Google Analytics for WordPress is a powerful way to learn about how your customers and potential customers interact with your site. It may seem a little confusing on the Google Analytics install help page, but this video will certainly help to simplify the process for you. In this video, you will learn how to use Google analytics for your WordPress site.
Learning how to add Google Analytics to WordPress is a very important part of running your own website. The software can give you valuable information about what is and isn’t working on your site and lets you make informed decisions about its future.
In this tutorial, we’re going to answer several questions about Google Analytics, including:
- What is Google Analytics and Why Do You Need It?
- How to Sign Up to Google Analytics?
- How to Add Google Analytics to WordPress?
- How to Install Google Analytics with a WordPress Plugin?
Let’s get started.
What is Google Analytics and Why Do You Need It?
Before getting into the technical stuff, let’s first talk about the subject matter of this post – Google Analytics. If you’re a complete newbie, you might not even be aware of what it is and why it’s a good idea to connect it to your WordPress website. So, let’s cover that first.
1. Google Analytics Helps You Get to Know Your Audience
Google Analytics is a web analytics suite that helps you understand and analyze your website visitors and users. It’s present on over 50 million websites around the world.
Here’s what you can learn from the statistics:
- Who is visiting your site? — Geographical and technical information about where your audience is from and the devices they use to access your site.
- What do your visitors do? — Find out which pages they look at, your bounce rate (meaning the share of visitors who leave after just one page), how long they stay on your site and more.
- When are they coming by? — Google Analytics also shows you when exactly people come to your site by the hour, day, week or month.
- How do they find your site? — You also get information about whether your audience finds your site in search engines (and which of them), social media, links on other websites or if they enter your site address directly.
- How do they interact with your content? — From Google Analytics you are also able to understand how people interact with your WordPress site, for example, the links they click on. If you define certain goals (like converting visitors to email subscribers) you can also track that.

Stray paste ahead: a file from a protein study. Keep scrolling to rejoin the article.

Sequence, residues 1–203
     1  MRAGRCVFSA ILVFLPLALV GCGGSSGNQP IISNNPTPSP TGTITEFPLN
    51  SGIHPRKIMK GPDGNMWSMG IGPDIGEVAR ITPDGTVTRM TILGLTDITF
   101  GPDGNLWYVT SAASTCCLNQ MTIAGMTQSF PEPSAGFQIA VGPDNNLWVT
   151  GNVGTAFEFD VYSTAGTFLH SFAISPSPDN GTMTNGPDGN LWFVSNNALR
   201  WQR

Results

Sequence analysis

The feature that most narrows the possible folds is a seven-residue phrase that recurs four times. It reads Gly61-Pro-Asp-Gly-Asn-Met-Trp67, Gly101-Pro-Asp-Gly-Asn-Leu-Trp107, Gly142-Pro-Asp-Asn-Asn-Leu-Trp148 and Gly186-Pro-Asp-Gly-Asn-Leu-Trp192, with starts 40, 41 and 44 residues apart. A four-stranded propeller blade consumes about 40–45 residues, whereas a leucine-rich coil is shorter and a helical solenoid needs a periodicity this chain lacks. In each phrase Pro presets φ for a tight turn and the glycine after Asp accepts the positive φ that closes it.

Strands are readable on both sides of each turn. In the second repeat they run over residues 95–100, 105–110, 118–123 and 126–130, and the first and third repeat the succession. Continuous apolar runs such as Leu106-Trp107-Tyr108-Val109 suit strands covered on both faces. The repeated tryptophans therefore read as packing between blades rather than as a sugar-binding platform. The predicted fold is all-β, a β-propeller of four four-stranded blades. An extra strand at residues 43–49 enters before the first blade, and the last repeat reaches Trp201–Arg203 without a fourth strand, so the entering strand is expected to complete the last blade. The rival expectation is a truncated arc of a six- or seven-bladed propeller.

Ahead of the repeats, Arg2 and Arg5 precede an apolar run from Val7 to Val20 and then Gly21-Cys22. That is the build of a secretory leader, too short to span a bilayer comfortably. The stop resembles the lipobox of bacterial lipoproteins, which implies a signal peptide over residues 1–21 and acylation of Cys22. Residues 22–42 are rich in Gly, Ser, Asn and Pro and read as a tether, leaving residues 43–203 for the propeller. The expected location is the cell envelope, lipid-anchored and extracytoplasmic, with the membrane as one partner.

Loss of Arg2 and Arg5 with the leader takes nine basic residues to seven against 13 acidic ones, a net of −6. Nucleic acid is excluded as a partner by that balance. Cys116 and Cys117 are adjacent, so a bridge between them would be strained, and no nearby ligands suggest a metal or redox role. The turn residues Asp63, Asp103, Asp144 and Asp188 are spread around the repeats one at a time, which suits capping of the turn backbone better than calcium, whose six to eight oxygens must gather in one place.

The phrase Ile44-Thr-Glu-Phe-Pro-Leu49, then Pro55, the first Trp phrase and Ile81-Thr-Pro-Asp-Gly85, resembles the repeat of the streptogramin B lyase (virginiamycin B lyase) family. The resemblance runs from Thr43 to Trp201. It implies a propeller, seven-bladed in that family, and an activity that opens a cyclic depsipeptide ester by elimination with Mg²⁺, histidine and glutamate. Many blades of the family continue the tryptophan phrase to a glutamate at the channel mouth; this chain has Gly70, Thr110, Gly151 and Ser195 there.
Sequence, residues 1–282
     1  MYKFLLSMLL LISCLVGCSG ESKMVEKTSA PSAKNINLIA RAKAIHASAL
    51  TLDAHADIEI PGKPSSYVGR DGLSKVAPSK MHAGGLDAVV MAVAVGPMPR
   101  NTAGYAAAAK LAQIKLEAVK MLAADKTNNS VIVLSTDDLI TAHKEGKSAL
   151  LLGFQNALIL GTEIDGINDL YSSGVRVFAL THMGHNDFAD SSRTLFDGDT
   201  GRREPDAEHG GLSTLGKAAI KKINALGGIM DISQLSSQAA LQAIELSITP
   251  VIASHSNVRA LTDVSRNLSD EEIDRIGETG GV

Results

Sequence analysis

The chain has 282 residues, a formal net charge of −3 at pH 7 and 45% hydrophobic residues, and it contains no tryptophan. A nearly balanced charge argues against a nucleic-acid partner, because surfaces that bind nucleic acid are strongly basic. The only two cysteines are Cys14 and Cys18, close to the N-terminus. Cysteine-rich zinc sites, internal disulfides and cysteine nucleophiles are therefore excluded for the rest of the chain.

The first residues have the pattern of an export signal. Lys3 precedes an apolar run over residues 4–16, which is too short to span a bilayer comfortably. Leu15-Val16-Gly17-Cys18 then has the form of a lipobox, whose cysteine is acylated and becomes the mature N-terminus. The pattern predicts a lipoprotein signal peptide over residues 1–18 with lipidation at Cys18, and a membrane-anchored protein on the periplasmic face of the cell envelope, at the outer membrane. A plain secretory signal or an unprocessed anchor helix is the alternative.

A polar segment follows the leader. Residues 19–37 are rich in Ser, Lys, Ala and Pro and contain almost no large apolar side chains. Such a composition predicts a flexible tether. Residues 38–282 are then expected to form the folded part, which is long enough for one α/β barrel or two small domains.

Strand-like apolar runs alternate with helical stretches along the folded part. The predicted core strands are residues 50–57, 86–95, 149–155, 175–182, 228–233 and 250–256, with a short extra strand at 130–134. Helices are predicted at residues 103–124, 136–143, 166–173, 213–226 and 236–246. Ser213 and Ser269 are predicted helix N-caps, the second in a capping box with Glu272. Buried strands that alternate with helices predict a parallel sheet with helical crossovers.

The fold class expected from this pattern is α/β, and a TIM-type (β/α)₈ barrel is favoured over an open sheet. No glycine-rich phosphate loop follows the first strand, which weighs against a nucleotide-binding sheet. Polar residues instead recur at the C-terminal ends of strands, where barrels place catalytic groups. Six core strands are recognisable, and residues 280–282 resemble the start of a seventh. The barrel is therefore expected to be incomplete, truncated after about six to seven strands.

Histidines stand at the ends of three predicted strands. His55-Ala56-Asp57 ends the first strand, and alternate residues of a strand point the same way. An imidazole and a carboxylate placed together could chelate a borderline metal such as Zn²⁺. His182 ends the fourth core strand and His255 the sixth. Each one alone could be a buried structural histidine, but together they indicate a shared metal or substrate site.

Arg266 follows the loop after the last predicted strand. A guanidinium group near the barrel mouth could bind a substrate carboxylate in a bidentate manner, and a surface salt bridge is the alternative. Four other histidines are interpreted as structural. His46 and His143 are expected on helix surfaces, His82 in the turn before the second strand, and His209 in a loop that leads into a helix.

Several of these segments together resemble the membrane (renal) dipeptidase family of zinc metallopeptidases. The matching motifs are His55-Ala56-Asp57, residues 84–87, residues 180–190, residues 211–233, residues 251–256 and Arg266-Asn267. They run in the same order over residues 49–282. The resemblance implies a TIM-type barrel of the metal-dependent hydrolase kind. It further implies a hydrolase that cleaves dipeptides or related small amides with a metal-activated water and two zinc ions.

2. Use The Information To Optimize Your Website
What can you do with this information? How is that useful to you? Knowing the above allows you to do many things.
- Adjust your site to serve your audience better. For example, by improving technical aspects or adding a language.
- Optimize traffic sources – invest more in those that work particularly well or ramp up your efforts on those that don’t.
- Improve your content and content strategy to give visitors more of what they are interested in.
- Track marketing campaigns and see if they are working.
- Find your worst-performing pages and take steps to make them better.
In short – web analytics allow you to eliminate guesswork and make decisions about your site based on facts and hard data instead of gut feeling. Google Analytics is completely free to use, so it doesn’t contribute to website costs.
Before adding it to your WordPress site, we first need to talk about some caveats.
Google Analytics and GDPR Compliance
Here’s how to use Google Analytics in WordPress in a post-GDPR world:
- Audit your site — One of the most important things is to make sure you don’t accidentally send personal identifiable information (PII) to Google Analytics. These are email addresses, home addresses, birth dates – anything that can be used to personally identify a user. More info about that topic here.
- Turn on IP anonymization — Under the new law, an IP address is also considered PII. To be on the safe side, you can switch on IP anonymization in Google Analytics. Find instructions on how to do that in this post.
- Implement GDPR-compliant cookie consent — For all the non-strict necessary cookies, you need to get consent before the cookie is set in the user browser. It must include clear information about what the cookie is for, users must still be able to use your site even if they opt out, they must have access to the cookie settings and you need documentation that they accepted it. There is a number of plugins for this in the WordPress directory.
Now that we have this out of the way, we can finally get to the main part of this post.